The Democratic-led Legislature passed a bill two years ago to set a 2026 deadline for the state to dump investments in fossil fuels. A Republican-led effort targets divestment in Amazon after Whole Foods, its grocery chain, said it would stop buying Maine lobster.
While these come from different ends of the political spectrum, there are parallels here. There is also one big catch that could delay or doom legislative efforts in these areas.
The ultimate responsibility: Maine’s state pension system said in a January report that it will only reduce fossil fuel investments by about one-third by that deadline.
It is because of a provision in the Maine Constitution to act solely in the “best financial interests” of those invested in the system, meaning investment cannot be dumped quickly and can only be sold when it is financially rational to do so. That trumps any law made on the topic.
The context: Maine was the first state to force fossil fuel divestiture through legislation. Many other states have seen bills to do so, and there has been a backlash in conservative states that have looked to punish companies trying to get out of fossil fuel investments.
But these holdings are baked into the massive pools that make up pension systems. For example, Maine found in late 2022 that fossil fuels made up nearly 8 percent of the pension system, and such investments are both unintentional and “widespread” within a majority of asset classes.
“Achieving and maintaining a fossil fuel-free portfolio by 2026 would require both disposing of significant existing investments as well as making fundamental changes to [the public employees retirement system’s] investment approach,” the January report read.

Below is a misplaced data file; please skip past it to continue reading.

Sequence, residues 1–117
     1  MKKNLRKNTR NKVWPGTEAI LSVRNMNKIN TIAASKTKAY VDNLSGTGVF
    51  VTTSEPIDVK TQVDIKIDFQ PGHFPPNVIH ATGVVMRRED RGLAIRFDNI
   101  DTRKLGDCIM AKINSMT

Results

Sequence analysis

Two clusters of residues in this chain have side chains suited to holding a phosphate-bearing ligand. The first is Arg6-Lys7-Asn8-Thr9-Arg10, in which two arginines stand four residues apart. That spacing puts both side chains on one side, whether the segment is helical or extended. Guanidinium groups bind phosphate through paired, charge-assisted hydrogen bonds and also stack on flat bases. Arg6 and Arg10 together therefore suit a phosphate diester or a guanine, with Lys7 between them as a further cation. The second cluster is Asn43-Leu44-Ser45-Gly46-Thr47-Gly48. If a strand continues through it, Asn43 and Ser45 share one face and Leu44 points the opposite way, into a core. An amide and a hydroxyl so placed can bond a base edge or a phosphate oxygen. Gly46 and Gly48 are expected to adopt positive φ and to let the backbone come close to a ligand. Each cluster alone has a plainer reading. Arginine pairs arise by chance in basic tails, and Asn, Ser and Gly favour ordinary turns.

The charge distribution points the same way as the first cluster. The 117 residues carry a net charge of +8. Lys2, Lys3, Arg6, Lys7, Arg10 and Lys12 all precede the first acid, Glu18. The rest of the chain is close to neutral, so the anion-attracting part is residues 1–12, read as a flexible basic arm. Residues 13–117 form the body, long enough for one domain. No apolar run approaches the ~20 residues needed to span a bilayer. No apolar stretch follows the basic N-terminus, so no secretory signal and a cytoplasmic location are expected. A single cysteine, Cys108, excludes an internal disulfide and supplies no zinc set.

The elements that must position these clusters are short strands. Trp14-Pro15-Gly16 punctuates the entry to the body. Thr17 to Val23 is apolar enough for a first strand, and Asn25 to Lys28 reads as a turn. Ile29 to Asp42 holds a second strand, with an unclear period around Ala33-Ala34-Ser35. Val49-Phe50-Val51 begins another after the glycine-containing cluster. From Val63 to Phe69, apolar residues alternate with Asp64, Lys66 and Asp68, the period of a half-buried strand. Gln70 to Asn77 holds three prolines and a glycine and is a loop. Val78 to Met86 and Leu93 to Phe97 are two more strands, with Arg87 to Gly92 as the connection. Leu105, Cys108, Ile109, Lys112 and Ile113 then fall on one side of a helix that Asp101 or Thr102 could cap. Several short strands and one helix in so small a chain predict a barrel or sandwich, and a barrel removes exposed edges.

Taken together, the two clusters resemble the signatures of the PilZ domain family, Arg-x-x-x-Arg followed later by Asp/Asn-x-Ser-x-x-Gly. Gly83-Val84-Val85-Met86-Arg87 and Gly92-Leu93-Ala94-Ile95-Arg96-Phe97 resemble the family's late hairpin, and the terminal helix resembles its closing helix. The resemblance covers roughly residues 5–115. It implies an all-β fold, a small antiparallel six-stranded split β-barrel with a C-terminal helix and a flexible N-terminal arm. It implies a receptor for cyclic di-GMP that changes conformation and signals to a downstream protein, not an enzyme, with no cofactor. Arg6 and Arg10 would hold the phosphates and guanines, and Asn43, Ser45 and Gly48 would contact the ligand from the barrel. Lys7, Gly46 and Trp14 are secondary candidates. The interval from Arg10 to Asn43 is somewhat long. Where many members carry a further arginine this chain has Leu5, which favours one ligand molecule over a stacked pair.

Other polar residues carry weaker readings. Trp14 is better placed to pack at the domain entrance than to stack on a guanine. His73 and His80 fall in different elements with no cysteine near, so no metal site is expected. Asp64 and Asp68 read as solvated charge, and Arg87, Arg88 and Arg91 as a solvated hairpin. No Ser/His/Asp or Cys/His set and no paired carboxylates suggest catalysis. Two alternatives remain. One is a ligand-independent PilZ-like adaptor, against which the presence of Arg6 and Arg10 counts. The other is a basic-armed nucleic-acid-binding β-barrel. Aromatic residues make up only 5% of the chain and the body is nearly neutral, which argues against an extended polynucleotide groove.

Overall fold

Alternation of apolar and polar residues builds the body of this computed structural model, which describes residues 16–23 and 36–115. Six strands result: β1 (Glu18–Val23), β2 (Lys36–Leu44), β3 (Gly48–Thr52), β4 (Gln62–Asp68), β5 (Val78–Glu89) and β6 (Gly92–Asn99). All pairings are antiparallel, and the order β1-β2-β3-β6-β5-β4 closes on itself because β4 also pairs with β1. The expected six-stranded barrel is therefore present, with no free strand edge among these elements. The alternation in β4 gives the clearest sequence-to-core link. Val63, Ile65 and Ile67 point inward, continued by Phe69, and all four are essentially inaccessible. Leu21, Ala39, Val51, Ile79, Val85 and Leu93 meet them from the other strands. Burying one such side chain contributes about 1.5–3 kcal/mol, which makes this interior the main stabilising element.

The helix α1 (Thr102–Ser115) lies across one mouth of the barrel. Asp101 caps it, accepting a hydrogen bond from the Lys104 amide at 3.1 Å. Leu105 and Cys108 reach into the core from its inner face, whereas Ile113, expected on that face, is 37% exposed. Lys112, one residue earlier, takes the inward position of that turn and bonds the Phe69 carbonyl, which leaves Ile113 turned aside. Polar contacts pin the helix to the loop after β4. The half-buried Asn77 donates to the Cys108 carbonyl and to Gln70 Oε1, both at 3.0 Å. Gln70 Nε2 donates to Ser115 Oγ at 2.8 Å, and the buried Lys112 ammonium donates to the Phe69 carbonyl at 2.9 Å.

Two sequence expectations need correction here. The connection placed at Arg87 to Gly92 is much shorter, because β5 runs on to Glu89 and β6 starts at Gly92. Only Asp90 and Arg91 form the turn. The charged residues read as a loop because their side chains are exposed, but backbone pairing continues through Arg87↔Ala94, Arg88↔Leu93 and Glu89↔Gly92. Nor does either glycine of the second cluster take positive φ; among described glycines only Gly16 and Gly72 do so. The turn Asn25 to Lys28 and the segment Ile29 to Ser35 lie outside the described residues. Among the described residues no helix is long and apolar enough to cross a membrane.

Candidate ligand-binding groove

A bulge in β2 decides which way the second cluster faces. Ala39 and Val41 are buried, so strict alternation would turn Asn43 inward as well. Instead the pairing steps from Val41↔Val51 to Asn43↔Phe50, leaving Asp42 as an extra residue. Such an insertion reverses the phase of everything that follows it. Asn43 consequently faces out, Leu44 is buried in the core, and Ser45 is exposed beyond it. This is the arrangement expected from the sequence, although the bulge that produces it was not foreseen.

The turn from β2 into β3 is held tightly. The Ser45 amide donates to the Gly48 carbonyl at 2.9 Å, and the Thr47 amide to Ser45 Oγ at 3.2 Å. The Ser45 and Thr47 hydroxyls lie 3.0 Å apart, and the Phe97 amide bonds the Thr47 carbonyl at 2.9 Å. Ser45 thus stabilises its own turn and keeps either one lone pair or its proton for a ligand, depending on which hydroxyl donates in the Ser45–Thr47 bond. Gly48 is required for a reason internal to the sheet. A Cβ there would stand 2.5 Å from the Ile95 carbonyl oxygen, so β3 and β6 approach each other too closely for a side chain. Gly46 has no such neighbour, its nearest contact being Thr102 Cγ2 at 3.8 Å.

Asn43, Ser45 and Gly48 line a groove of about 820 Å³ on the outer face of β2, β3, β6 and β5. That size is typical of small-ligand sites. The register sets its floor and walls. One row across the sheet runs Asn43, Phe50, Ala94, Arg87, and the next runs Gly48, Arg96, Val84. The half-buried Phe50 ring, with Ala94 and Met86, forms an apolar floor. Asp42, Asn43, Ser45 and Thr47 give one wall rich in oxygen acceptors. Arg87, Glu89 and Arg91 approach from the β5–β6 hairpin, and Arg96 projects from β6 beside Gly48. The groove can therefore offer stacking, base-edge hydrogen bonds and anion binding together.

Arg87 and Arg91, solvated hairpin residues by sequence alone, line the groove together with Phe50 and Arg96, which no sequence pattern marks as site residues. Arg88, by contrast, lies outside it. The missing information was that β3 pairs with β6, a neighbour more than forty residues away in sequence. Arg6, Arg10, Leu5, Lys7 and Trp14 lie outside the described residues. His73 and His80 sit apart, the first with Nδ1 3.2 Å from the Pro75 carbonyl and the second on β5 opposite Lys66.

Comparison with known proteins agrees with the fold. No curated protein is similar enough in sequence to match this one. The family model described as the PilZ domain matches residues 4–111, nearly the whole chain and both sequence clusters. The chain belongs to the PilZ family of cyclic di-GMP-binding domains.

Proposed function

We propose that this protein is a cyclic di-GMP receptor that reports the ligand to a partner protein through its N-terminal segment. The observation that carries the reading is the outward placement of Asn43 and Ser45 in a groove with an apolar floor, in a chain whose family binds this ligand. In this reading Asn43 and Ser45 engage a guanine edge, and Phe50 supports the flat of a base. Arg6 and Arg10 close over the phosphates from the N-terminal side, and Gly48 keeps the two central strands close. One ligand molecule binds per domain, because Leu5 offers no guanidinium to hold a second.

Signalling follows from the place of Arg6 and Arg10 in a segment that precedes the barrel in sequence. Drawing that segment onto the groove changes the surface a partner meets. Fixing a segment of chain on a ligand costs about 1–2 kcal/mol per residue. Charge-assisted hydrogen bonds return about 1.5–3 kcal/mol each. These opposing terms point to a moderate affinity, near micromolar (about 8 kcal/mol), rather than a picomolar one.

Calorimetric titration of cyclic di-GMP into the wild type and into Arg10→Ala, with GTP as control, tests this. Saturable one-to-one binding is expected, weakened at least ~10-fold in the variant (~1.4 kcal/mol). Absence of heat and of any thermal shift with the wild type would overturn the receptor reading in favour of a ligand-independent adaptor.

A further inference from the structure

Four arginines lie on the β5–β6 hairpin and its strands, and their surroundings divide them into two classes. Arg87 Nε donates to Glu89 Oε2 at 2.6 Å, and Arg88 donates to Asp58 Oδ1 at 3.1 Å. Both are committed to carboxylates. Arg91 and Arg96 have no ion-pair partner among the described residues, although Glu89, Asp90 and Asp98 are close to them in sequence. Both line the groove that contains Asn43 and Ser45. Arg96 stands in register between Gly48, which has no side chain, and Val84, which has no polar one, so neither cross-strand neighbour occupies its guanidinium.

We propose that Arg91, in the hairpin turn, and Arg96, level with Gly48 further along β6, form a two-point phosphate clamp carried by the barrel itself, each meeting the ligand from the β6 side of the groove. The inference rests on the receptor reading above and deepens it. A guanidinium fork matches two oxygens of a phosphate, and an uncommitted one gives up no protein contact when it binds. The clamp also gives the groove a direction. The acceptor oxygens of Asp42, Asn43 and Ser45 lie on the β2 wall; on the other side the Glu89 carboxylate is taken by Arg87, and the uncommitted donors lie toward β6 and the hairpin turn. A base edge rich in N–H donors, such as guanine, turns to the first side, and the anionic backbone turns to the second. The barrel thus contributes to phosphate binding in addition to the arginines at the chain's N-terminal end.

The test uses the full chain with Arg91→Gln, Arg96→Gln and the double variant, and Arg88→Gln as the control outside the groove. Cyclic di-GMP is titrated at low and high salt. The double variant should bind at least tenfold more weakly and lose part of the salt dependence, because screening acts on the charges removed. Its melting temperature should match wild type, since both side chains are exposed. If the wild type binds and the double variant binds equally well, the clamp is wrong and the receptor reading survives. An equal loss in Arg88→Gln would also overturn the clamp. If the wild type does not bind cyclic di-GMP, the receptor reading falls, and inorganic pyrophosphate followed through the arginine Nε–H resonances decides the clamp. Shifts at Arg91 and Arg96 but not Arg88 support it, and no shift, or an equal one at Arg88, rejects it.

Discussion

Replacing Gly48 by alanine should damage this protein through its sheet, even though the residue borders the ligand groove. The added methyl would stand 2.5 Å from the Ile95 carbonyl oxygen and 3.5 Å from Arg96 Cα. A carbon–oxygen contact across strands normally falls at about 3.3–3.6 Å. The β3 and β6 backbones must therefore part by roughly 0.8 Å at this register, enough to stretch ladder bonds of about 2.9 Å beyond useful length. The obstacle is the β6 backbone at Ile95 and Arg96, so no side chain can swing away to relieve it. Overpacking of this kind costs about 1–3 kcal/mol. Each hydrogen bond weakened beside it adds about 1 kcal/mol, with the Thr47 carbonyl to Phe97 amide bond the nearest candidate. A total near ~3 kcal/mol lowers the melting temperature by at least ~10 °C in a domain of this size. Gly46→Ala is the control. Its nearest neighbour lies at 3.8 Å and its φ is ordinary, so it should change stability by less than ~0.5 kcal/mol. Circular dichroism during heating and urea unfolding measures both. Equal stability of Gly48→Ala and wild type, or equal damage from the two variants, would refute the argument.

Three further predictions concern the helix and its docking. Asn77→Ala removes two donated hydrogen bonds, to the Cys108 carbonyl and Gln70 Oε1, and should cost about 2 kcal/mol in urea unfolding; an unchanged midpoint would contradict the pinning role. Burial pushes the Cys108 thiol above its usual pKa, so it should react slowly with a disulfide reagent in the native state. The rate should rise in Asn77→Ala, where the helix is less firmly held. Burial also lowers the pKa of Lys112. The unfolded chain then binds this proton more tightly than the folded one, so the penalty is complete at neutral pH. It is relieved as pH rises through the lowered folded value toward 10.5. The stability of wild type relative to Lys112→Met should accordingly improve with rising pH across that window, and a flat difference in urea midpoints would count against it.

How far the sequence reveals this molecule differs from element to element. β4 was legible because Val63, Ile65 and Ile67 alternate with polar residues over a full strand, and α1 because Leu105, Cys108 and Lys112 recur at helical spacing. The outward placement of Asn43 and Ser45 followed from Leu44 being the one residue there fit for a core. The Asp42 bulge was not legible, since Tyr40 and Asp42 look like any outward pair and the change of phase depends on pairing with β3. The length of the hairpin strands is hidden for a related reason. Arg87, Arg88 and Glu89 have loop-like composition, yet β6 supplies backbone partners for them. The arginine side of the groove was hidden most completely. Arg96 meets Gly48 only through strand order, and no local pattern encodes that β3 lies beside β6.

What’s next: This teaches us a lot about the lobster approach, contained in a bill led by Sen. Eric Brakey, R-Auburn. It is far from as sweeping as the fossil fuel measure, with the retirement system estimating $70 million of exposure due solely to investments in Amazon, Maine Public reported earlier this year.
“By continuing on the current track, the State of Maine is also, in a sense, boycotting this critically important industry,” Brakey said in written testimony earlier this year. “It’s time to change the course.”
Divestment has proven to be politically popular, and it could again when it comes to Maine’s legacy fishery. But divestment does not have to mean divestment, even when lawmakers say so. Whether it is oil or Amazon, getting rid of these holdings is going to take years if it ever happens at all.